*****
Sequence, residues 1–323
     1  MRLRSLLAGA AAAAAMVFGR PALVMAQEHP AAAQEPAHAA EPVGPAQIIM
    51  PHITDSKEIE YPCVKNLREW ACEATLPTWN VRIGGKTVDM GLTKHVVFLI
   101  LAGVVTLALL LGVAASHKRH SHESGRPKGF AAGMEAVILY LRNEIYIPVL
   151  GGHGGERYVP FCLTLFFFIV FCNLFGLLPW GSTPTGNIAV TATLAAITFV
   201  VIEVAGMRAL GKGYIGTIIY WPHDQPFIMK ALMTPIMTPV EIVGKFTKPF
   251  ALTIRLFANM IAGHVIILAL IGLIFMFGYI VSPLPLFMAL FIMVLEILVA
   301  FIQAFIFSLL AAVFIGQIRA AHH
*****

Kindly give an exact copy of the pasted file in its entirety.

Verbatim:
Sequence, residues 1–323
     1  MRLRSLLAGA AAAAAMVFGR PALVMAQEHP AAAQEPAHAA EPVGPAQIIM
    51  PHITDSKEIE YPCVKNLREW ACEATLPTWN VRIGGKTVDM GLTKHVVFLI
   101  LAGVVTLALL LGVAASHKRH SHESGRPKGF AAGMEAVILY LRNEIYIPVL
   151  GGHGGERYVP FCLTLFFFIV FCNLFGLLPW GSTPTGNIAV TATLAAITFV
   201  VIEVAGMRAL GKGYIGTIIY WPHDQPFIMK ALMTPIMTPV EIVGKFTKPF
   251  ALTIRLFANM IAGHVIILAL IGLIFMFGYI VSPLPLFMAL FIMVLEILVA
   301  FIQAFIFSLL AAVFIGQIRA AHH